Having influenced culture in the region for hundreds of years, a new guide celebrating shinty’s role in shaping the Highlands has been unveiled.
The Shinty Trail tells the story of the sport in Badenoch and its deep-rooted connections with the area which are still highly relevant to this day.
The fast-paced sport plays a crucial part in many people’s lives and continues to thrive at the heart of many communities.
Developed by the Cairngorms National Park Authority (CNPA) with funding from Bord na Gaidhlig, the new guide covers 30 key heritage sites spanning from Laggan to Kincraig and encourages those interested to seek them out in person.
It also highlights the strong links between the sport and the Gaelic language, as music and dance have played a key role in the match-day experience for centuries.
At one time, many settlements along the length of the Spey all had shinty teams. The area is still home to two of the game’s most successful outfits with the neighbouring Newtonmore and Kingussie Camanachd Clubs.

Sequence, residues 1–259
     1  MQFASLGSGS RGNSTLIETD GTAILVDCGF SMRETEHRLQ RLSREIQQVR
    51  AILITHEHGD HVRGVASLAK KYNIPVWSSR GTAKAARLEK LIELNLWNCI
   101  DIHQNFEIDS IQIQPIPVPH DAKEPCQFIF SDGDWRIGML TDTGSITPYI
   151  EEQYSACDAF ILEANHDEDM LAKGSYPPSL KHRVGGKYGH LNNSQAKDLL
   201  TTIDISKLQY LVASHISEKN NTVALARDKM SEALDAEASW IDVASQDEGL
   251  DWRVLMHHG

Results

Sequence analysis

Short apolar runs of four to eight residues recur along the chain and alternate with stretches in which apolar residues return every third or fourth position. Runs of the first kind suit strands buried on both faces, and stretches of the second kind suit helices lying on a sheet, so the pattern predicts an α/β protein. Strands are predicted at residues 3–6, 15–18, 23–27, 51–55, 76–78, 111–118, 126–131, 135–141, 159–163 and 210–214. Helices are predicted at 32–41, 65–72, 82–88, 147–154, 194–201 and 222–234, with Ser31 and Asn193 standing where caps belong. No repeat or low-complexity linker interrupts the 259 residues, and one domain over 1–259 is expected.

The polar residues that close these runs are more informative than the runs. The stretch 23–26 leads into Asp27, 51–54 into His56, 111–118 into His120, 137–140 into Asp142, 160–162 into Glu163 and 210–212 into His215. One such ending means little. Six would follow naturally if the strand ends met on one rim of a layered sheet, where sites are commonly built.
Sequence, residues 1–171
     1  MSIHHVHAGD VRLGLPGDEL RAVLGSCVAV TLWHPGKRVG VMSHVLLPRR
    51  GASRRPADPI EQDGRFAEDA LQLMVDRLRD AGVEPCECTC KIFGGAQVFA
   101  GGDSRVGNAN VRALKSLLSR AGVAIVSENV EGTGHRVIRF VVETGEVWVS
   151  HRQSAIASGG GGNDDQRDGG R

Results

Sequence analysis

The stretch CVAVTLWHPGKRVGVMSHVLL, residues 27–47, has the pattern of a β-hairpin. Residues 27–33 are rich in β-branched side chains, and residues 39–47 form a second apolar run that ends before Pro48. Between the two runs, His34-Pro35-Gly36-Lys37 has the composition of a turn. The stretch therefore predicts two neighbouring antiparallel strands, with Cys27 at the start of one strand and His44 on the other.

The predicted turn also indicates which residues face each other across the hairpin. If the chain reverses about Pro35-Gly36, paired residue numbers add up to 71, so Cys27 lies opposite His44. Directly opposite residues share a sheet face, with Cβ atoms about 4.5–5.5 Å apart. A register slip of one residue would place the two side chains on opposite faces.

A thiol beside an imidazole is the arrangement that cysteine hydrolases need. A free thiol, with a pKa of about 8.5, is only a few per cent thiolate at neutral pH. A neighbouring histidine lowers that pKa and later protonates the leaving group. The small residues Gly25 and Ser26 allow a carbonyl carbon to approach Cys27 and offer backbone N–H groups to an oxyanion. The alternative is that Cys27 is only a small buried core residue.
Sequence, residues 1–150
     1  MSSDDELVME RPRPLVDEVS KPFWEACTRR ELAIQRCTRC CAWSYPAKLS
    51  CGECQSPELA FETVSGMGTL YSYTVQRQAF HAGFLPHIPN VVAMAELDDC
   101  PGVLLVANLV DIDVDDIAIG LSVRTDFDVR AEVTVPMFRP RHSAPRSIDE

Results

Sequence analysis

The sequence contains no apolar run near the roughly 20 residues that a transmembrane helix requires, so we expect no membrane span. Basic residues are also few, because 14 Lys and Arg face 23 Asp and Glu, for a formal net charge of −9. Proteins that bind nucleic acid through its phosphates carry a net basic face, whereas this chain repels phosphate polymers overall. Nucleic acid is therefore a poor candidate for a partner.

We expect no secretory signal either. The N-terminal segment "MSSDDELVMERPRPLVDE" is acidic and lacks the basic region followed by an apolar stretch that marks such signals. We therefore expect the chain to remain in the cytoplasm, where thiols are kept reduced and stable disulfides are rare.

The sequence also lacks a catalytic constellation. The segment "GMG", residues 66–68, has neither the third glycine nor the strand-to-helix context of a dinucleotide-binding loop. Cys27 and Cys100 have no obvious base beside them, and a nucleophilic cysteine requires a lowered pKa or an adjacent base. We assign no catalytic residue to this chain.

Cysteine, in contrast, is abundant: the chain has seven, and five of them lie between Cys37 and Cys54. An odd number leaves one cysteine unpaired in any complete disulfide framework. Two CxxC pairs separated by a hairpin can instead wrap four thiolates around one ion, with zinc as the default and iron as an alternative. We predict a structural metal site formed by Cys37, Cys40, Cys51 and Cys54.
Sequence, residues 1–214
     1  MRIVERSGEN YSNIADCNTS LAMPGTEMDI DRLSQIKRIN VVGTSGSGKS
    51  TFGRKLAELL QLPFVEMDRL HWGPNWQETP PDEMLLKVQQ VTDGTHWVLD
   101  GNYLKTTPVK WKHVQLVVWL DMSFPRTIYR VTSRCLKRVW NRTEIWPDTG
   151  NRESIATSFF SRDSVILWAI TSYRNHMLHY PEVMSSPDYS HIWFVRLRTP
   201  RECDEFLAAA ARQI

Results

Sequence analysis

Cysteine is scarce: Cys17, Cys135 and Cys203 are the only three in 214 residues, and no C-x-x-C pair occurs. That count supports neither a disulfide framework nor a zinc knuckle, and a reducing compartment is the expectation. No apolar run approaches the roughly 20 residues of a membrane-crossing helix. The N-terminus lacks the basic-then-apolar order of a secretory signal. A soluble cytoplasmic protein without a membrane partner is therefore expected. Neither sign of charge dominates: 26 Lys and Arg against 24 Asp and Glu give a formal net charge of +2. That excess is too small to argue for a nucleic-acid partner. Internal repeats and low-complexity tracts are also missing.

The Shinty Trail is available in English and Gaelic on the Cairngorms official website, as well as at the Boleskine Shinty Pavilion within the Highland Folk Museum in Newtonmore until the end of this month.
Bruce MacDonald, the CNPA’s Gaelic intern who helped bring project to life, said: “The aim is to convey the significance of the sport to the heritage and culture of Badenoch, as well as its deep-rooted relationship with many other aspects of traditional Highland culture, such as the Gaelic language.
“Over the course of this journey, the origins of shinty and the development of the modern game can be explored, as well as the history of key teams in the area, both past and present.
“There is also the opportunity to experience important aspects of Badenoch’s past, such as the Clan Macpherson, emigration, war, and early tourism.”
An online event about the trail will be held on October 28 as part of the Badenoch Heritage Festival.
Shinty historian and broadcaster Dr Hugh Dan MacLennan, who has also contributed to the project, will talk guests through the resource.
He said: “The Shinty Trail will be a great asset to the community of Badenoch where shinty is such an important part of life and the cultural heritage of the area.
“It will be a huge asset to schools and other people wanting to research the history of the game and its importance to people young and old.”